Stagflation risk looms over South Africa
Stagflation is characterized by low economic growth and relatively high unemployment—a time of stagnation—accompanied by a rise in prices, or inflation. In this situation, the economy isn’t growing, but prices are.
Trade-off between growth and inflation
The South African Reserve Bank is faced with a very difficult trade-off between growth and inflation. Interest rates in South Africa have been on the rise over the past year. The benchmark interest rate has risen from 5% in early 2013 to 5.75% in late 2014. Rising interest rates should contain inflation, but this move also entails the risk of throwing the economy into recession.
On the other hand, by cutting interest rates and stimulating the fragile South African consumer, the Reserve Bank might succeed in reviving the growth outlook. However, there is a greater risk of letting inflation spiral out of control.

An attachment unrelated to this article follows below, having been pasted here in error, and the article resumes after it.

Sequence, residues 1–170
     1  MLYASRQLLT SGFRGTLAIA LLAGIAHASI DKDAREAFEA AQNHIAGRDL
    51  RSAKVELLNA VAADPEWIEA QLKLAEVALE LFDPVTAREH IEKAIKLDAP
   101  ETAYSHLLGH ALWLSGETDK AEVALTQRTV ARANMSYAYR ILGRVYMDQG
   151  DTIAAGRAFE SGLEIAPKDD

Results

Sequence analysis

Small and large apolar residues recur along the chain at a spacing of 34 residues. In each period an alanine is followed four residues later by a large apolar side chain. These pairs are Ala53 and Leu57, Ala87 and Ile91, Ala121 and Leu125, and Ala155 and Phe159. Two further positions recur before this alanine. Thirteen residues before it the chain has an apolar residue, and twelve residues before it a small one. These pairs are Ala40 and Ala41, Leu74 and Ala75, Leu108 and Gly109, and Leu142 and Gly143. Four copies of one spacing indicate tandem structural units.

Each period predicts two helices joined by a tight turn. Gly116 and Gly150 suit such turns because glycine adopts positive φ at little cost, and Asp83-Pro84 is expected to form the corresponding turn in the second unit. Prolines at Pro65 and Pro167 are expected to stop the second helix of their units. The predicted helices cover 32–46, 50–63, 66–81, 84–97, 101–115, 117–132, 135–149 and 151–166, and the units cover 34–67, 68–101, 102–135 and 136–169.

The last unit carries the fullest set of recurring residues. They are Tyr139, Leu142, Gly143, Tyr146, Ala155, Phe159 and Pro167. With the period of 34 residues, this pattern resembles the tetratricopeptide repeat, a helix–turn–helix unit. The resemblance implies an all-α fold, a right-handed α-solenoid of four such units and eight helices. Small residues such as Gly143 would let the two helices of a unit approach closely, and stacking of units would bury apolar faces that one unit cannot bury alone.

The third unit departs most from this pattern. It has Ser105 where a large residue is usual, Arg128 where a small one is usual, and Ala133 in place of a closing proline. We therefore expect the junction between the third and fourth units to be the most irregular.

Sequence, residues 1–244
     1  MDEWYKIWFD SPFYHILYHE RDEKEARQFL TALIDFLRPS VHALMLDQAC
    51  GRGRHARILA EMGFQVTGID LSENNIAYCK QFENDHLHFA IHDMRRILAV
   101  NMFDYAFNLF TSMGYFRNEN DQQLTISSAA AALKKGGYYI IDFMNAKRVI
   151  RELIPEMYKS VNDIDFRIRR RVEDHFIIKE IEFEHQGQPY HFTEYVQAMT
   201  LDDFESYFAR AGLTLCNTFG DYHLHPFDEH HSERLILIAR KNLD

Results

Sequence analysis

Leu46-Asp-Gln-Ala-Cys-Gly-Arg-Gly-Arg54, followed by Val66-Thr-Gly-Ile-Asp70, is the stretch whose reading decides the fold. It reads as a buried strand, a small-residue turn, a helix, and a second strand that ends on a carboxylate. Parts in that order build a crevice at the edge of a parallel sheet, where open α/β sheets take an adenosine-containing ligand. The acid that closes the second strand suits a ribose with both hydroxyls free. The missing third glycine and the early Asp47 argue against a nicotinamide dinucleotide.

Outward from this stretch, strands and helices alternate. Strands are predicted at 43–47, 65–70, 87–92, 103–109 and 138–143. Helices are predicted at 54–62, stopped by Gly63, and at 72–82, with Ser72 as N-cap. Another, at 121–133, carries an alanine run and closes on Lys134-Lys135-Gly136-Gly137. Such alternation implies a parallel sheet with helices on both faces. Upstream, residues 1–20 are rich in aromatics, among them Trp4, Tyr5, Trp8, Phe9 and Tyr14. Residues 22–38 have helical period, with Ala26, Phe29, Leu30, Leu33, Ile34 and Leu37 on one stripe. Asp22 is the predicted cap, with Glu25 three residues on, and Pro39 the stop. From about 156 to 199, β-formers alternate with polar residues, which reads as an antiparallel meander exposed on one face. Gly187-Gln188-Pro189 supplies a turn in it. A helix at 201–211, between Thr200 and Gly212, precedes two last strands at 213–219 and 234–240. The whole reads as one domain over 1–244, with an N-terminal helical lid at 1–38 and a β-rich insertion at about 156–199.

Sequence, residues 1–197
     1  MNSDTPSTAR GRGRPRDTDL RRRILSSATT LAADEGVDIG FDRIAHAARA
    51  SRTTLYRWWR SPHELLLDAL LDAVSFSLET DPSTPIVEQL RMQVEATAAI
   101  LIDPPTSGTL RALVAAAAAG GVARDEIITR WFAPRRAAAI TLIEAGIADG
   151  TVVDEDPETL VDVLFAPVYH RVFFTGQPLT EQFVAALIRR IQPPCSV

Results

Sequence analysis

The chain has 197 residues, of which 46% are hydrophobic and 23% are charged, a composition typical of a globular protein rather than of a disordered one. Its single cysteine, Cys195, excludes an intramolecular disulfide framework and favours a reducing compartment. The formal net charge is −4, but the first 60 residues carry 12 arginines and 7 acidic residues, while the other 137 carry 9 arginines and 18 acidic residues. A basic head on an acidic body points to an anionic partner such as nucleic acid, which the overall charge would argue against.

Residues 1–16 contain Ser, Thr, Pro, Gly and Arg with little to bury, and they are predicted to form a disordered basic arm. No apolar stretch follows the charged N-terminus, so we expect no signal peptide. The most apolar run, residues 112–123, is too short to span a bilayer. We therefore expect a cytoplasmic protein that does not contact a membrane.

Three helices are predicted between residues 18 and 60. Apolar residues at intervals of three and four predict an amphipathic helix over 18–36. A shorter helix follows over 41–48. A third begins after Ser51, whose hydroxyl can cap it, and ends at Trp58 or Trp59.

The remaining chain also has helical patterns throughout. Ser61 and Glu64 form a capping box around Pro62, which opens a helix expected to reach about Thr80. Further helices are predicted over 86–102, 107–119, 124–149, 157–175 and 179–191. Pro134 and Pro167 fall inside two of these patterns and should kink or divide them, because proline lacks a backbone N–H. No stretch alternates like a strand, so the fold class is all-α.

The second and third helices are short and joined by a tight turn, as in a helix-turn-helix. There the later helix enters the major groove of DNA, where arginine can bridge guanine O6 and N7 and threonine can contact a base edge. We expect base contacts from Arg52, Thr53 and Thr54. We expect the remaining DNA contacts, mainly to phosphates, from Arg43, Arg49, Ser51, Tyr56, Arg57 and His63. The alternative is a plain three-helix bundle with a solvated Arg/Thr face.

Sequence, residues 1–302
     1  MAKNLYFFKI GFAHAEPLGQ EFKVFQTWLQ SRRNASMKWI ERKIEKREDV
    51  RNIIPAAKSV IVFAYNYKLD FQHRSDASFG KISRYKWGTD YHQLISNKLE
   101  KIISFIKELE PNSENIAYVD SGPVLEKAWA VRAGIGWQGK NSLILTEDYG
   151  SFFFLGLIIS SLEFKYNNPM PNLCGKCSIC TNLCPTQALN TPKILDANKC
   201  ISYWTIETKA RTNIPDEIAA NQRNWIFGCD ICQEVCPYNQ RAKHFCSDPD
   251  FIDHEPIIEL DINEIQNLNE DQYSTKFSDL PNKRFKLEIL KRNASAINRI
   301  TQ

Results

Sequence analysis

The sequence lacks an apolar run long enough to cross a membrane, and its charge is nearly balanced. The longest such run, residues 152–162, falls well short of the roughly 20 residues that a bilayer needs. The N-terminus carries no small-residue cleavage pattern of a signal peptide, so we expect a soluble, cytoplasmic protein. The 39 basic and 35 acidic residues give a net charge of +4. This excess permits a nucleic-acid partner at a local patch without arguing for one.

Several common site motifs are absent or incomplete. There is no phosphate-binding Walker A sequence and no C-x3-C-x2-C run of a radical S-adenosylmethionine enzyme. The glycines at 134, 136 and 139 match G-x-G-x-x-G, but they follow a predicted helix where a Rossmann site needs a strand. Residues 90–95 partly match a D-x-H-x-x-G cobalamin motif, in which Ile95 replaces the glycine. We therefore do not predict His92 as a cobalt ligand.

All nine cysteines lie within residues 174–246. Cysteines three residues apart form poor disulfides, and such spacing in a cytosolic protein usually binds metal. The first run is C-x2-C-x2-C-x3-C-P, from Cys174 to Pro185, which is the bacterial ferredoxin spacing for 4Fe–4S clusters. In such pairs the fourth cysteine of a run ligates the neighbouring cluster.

The performance trends of ETFs such as the iShares MSCI South Africa ETF (EZA) are closely reflective of growth patterns within the economy. The economy of South Africa is also significantly down from its peaks in gold and diamond production.
South Africa’s widening current account deficit
The current account deficit in South Africa has been widening since 2010. From a shortfall accounting for 2% of GDP in 2010, it had widened to 5.8% in 2013. The main reasons for this include the prolonged wage strike at the platinum mines that hurt mining exports, as well as a weakening currency that raised local prices of imported goods, fueling inflation.
The AngloGold Ashanti Ltd. (AU), Gold Fields Ltd. (GFI), and the Harmony Gold Mining Company Limited (HMY) are some of the key players in the South African gold mining and exploration industry. The VanEck Vectors TR Gold Miners ETF (GDX) and the VanEck Vectors Junior Gold Miners ETF (GDXJ) invest in the equities of gold mining companies.
For South Africa, the key to economic revival lies in the narrowing of its current account deficit.